Publisher's Weekly: An expertly crafted and bleakly fascinating tale of social conflict and madness in the deep South, this novel centers on the eponymous Paris Trout, owner of a general store and other property in Cotton Point, Ga., during the years just after World War II. A cunning, violent man, with deep roots in the community, Trout has become an economic predator of the town's poor blacks by running a loan service for them out of the safe in his store's back room. The tensions between Trout and the blacks reaches a critical point when Trout, along with a strong-arm goon, murders an 11-year-old black girl and badly injures a black woman while collecting a debt. Into the vortex of this storm are drawn a number of other characters, highlighting the racial and social divisions of Cotton Point: lawyer and gentleman Harry Seagraves, who is repelled by the case; Paris's wife Hannah, brutalized by her husband and in powerful psychological bondage to him; and Carl Bonner, a young, idealistic lawyer who seesaws between his past in the town and his recently acquired sense of being an outsider in its circumscribed society. Trout's murder trial forces Cotton Point to face some dark truths, while setting in motion a chain of events that lead to a crescendo of violence. Dexter (Deadwood, God's Pocket) is a deft and economical storyteller and a cruel but observant chronicler of deep South customs and characters, with something of a Faulknerian feeling for the bullying violence that can lay at the heart of an inbred small town.

Woman on the Edge of Time by Marge Piercy
500 Great Books by Women: With honest and compelling prose, Marge Piercy delves into the mind of thirty-seven-year-old Consuelo (Connie) Ramos, a woman who exists on the fringes of life in contemporary New York City. Early in the novel Connie beats up her niece's pimp and is committed - again - to the psychiatric ward in Bellevue Hospital. The novel shifts between the horrible conditions in psychiatric wards and the year 2137, as Connie at first talks to, then time travels with Luciente, a person from that future time. Luciente lives in a non-sexist, communal country where people's survival is ensured based on need, not money. A sense of freedom, choice, and safety are part of Luciente's world; Connie's world is the complete opposite. Though Connie struggles to stand up for herself and others in the treatment centers, she knows that the drugs she is forced to take weaken her in every way. She knows she shouldn't be there, knows how to play the game, and tells herself "You want to stop acting out. Speak up in Tuesday group therapy (but not too much and never about staff or how lousy this place was) and volunteer to clean up after the others." But she knows she is stuck. Connie spends more time "away" with Luciente, trying to develop a way out of her hell. Ultimately Connie makes her plan of action, and the book leaves us with our own questions about Connie's insanity and decisions.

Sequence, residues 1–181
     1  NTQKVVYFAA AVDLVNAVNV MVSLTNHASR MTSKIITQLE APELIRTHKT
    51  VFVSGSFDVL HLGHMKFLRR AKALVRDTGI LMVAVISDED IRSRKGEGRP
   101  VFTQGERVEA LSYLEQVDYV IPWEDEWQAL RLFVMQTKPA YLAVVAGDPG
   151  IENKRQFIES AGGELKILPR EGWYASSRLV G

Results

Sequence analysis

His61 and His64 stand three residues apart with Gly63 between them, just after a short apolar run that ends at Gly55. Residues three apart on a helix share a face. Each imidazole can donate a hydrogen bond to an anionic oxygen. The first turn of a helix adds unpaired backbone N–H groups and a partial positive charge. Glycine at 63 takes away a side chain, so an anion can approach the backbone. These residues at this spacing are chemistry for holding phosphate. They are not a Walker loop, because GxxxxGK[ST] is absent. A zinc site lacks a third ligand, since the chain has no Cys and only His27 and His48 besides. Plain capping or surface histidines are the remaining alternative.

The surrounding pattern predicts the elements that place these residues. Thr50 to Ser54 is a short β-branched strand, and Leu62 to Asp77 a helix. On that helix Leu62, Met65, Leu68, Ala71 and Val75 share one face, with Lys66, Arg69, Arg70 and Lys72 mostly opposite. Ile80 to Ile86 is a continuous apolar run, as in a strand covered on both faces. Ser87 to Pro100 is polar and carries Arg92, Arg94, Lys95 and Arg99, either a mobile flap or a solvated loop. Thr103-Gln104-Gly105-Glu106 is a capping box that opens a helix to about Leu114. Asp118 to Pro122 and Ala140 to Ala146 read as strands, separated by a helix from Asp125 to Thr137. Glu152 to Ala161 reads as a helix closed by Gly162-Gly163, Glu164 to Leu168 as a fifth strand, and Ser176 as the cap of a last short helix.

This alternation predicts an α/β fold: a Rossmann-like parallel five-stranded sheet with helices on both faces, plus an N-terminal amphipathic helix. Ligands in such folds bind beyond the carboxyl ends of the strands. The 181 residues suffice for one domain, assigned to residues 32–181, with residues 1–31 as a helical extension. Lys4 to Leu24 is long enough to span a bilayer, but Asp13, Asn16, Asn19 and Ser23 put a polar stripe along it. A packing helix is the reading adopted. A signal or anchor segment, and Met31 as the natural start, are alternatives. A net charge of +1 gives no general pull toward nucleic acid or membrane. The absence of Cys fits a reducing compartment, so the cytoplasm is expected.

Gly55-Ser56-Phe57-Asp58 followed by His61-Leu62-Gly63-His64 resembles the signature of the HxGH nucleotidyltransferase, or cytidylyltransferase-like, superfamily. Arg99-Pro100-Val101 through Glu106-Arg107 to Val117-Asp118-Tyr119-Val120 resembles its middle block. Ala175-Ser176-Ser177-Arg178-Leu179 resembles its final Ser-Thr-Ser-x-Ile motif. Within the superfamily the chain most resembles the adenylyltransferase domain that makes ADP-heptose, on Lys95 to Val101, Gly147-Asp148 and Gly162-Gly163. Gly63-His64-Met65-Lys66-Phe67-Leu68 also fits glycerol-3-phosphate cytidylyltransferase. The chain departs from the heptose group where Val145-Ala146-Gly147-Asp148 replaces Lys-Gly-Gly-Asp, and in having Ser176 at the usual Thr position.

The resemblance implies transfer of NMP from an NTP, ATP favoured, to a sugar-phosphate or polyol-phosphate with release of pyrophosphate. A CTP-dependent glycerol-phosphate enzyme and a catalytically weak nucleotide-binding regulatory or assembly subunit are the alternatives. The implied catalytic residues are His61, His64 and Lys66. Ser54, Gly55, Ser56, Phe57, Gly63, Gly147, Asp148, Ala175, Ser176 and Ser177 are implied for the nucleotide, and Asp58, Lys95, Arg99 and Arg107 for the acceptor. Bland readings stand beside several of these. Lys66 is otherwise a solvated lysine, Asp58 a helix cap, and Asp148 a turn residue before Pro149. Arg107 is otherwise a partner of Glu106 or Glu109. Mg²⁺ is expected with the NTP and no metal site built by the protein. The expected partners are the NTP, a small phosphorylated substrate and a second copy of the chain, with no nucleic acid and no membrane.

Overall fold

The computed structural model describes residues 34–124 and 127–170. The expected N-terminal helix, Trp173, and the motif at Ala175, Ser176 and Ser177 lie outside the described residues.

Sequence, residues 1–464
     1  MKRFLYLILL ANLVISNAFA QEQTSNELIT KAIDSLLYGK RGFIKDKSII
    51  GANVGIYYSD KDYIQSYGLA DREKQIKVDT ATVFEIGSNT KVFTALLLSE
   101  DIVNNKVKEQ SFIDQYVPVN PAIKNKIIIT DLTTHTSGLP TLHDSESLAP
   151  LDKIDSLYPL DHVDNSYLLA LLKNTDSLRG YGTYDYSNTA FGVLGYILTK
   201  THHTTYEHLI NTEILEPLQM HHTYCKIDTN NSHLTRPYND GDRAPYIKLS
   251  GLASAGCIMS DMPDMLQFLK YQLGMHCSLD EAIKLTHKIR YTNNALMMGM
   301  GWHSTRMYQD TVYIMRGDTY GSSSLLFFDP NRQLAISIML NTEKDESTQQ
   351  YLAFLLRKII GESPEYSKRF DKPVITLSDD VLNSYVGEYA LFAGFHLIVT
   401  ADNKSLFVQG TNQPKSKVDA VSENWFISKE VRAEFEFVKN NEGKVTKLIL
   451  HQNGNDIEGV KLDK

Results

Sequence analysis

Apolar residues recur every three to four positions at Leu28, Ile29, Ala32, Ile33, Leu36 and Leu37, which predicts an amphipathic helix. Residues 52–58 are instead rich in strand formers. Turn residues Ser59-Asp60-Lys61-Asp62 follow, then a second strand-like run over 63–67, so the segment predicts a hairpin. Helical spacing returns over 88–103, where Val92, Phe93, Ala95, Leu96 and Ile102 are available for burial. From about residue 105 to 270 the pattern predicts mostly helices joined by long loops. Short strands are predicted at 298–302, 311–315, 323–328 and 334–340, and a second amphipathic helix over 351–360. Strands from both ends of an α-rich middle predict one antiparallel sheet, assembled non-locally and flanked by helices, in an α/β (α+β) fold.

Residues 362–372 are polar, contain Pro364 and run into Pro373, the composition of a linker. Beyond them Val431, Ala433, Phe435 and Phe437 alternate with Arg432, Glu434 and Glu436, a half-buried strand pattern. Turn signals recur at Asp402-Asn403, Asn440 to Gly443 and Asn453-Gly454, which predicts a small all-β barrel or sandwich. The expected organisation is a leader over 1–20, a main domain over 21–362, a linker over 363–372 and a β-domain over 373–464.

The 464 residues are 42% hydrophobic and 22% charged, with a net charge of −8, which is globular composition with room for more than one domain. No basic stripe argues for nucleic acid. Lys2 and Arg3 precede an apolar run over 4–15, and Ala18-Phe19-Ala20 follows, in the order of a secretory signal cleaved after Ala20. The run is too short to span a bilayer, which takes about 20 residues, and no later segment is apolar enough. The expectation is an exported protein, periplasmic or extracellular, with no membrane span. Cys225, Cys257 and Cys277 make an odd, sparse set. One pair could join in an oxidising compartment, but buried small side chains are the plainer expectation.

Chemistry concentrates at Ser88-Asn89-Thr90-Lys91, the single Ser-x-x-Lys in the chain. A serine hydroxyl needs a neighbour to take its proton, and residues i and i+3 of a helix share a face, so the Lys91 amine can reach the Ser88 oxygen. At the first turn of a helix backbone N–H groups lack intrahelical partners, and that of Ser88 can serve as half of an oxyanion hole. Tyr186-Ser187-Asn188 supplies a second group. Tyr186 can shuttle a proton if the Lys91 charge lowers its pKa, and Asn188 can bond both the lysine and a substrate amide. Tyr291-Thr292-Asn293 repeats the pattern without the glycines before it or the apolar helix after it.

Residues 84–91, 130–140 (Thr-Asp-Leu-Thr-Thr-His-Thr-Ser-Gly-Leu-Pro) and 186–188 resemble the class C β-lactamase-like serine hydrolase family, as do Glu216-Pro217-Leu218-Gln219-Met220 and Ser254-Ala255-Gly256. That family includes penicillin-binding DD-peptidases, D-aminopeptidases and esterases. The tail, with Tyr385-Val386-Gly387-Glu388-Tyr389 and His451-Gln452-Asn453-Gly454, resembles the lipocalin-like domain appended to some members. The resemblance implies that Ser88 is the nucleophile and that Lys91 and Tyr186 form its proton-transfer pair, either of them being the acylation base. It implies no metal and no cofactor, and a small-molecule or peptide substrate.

1 comment:

VVM said...

Gustavo Arellano says: Gracias for plugging my book!